Regards, regrets to Yankee Stadium

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  • Audrey
    Oct. 5, 2008 8:38 p.m.

    And this article stands as a monument to a level of writing I believe I will never achieve. You are a rare talent. I continue to marvel at it and attempt to emulate it. But I doubt I will ever achieve it. I am just proud to have had the chance to grow up with it and learn from it.

  • River Coug
    Sept. 26, 2008 11:36 a.m.

    Thanks Brad. Thank goodness I did take in a Yankee game at the stadium a few years back. But now, I regret not walking around and checking out the statues and all of the other historical things. Our youth and dreams are such fleeting things, and yet, like Yankee stadium, they're always right there with us.

  • George C
    Sept. 26, 2008 9:00 a.m.

    Great article. As I kid growing up in Manhattan my brother and I are life time Yankee fans. We attended games in person many times. I vividly rememember attending my first game with my Dad seeing the playing field for the first time with its bright green grass as we cam thru an upper deck portal on the way to our seats. Phil Rizzuto hit a triple and my hero Yogi Berra hit a homerun and the Yankees won what a night! Another time we sat in the right field homerun porch as Roger Maris and Mickey Mantle hit six homeruns in a double header. We saw Ted Wiliams, Jim Bunning, Minnie Minoso, Al Rosen and many other terrific players. We will miss Yankee Stadium, but then some call it progress.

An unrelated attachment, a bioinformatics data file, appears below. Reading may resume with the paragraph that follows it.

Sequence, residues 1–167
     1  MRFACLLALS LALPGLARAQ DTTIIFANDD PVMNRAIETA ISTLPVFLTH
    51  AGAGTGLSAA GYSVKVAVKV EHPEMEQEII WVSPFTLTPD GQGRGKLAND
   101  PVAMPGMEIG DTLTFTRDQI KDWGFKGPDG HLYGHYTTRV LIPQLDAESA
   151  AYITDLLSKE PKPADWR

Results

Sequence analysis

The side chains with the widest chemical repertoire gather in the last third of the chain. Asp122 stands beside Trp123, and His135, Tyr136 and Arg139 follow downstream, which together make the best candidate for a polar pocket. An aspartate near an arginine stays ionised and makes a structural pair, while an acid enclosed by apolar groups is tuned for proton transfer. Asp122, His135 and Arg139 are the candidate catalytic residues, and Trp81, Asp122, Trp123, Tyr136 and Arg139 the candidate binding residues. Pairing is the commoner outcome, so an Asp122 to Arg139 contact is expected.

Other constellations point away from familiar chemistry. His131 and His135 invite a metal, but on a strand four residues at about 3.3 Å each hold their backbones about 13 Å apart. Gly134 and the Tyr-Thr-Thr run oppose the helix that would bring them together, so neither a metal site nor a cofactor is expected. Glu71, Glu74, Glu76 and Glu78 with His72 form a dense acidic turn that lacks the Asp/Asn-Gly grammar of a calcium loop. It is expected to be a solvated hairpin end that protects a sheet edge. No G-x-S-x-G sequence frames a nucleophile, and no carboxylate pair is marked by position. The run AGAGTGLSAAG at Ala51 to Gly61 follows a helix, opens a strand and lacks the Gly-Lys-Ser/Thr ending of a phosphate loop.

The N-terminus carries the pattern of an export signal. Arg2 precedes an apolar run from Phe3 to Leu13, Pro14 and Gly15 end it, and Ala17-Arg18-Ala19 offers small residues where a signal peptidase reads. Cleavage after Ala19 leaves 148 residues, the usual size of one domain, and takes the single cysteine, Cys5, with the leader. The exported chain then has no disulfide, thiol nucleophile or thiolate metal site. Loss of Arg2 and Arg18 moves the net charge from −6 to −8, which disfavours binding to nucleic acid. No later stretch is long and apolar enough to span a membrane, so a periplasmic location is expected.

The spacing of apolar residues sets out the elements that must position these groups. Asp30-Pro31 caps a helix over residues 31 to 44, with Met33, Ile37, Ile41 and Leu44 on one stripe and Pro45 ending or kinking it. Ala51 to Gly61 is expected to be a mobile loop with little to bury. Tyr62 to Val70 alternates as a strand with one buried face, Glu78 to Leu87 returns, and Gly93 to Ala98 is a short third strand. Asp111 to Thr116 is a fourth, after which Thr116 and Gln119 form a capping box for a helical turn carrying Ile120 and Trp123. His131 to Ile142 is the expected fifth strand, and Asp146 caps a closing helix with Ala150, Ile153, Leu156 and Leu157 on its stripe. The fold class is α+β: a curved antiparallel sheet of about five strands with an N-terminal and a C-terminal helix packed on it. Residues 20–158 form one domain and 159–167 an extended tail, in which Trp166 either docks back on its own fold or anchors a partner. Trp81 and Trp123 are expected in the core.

• West Virginia Yankee
    Sept. 26, 2008 7:10 a.m.

    Brad, a nice piece. I can relate to your feelings as a youth. I did have the privilege to see three games in the stadium. From a box behind the Yankee dugout, a seat along the first baseline, and sitting in the corner next to the short porch in right field I replayed my childhood fantasies of playing short stop, taking Phil Rizutto's place. I strolled through Monument Park and listened to the sound of the crack of Mantle, Maris, and Dimaggio's bats as they played the game I grew up loving every summer as you did.
    Is there and empty field anywhere that hasn't had a baseball game played in it? Is not every vacant lot a Field of Dreams? It may take a hundred years but let us hope the new stadium will earn itself the right to be called a shrine. The Jeter's, Riveras, Rodriquezes, and all the great adversaries that will come to the park certainly have the makings of another House That Someone? Built. I thank you for your thoughts and express my sadness that you didn't make it to the Stadium. Perhaps it just adds to the reverence for the place.